Was the NDIS required to fund the cost of a sex worker for a woman with severe disabilities? Which case won?
Woman becomes eligible to participate in National Disability Insurance Scheme
Seventeen years ago, a woman referred to as “W”, who is now in her forties, was diagnosed with multiple sclerosis (MS).
In 2016, she applied to participate in the National Disability Insurance Scheme (NDIS) and was accepted as an eligible person.
The NDIS is a statutory scheme set up under the Commonwealth National Disability Insurance Scheme Act 2013 (“the Act”) to provide funding for support and services directly to eligible persons with disabilities.
Once a person becomes eligible, a plan is created outlining their goals, the support needed to help achieve those goals, and the funding to be made available to them for “reasonable and necessary supports”.
The plan must be approved by the National Disability Insurance Agency (NDIA).
Woman’s request for funding for cost of sex worker denied by NDIA
Due to her MS, W walks with difficulty and with the assistance of strong MS drugs.
She does not work and her main source of income is the disability support pension.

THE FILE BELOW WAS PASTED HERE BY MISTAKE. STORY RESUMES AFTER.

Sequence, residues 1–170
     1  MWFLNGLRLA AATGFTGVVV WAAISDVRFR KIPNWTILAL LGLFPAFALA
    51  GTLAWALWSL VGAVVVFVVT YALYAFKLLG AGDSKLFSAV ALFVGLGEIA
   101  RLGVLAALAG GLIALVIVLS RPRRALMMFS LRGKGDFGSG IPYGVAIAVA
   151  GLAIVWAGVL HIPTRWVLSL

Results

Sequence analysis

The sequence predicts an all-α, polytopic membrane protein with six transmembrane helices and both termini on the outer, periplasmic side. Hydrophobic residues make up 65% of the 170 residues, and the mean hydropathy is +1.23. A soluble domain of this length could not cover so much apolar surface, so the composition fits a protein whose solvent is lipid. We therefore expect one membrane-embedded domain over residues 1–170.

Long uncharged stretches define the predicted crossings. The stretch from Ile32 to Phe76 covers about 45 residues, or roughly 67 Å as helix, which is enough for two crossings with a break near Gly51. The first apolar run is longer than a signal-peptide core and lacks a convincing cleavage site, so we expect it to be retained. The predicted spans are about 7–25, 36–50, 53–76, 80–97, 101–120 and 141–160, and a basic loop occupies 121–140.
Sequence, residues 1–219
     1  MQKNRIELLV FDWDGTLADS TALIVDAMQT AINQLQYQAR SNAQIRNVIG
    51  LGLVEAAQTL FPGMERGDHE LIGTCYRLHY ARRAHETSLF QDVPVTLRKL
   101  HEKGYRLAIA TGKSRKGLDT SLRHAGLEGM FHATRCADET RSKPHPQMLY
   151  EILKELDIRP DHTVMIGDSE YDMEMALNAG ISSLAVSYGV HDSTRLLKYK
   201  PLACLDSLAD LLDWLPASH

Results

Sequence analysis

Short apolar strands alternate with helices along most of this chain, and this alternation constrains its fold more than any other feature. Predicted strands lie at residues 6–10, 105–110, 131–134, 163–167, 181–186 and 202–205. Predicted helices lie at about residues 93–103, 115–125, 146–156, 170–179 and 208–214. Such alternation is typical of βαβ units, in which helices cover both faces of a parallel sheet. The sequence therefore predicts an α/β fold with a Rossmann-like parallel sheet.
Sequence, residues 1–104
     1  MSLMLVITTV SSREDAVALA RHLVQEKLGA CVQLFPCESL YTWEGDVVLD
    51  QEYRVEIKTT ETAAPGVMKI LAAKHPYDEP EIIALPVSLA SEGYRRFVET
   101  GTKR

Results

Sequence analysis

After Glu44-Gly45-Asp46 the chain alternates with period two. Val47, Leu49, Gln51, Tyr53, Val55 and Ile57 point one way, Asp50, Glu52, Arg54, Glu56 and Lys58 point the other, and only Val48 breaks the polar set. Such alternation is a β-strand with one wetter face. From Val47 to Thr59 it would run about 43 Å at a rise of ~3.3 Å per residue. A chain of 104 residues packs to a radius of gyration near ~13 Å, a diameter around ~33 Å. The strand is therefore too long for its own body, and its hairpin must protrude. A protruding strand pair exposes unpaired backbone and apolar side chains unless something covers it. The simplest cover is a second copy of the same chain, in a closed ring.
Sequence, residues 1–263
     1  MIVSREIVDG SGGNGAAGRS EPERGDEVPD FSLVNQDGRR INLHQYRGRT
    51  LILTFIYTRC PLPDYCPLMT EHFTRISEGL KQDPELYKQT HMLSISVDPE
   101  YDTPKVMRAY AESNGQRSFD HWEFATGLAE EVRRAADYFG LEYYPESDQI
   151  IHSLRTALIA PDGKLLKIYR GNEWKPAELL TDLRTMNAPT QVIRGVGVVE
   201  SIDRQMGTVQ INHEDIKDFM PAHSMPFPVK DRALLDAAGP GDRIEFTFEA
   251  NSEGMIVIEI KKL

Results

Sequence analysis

The NDIA provides her with the services of a carer to attend to her physical needs.
Prior to being diagnosed with MS, W had an active sex life.
However, due to her MS, sexual release of any kind is now highly unlikely without specialised assistance.
In her NDIS plan, W requested funding for the services of a sex worker.
The NDIA denied the request.
Woman challenges NDIA decision
W sought an internal NDIA review of its decision to decline her request.
The internal review upheld the NDIA’s decision, saying that the requested funding did not meet the funding criteria under the Act.
W appealed the decision to the Administrative Appeals Tribunal.
The Tribunal ruled in her favour, concluding that the NDIA was required to fund her request for the support of a sex worker.
The NDIA appealed the Tribunal’s decision to the Federal Court.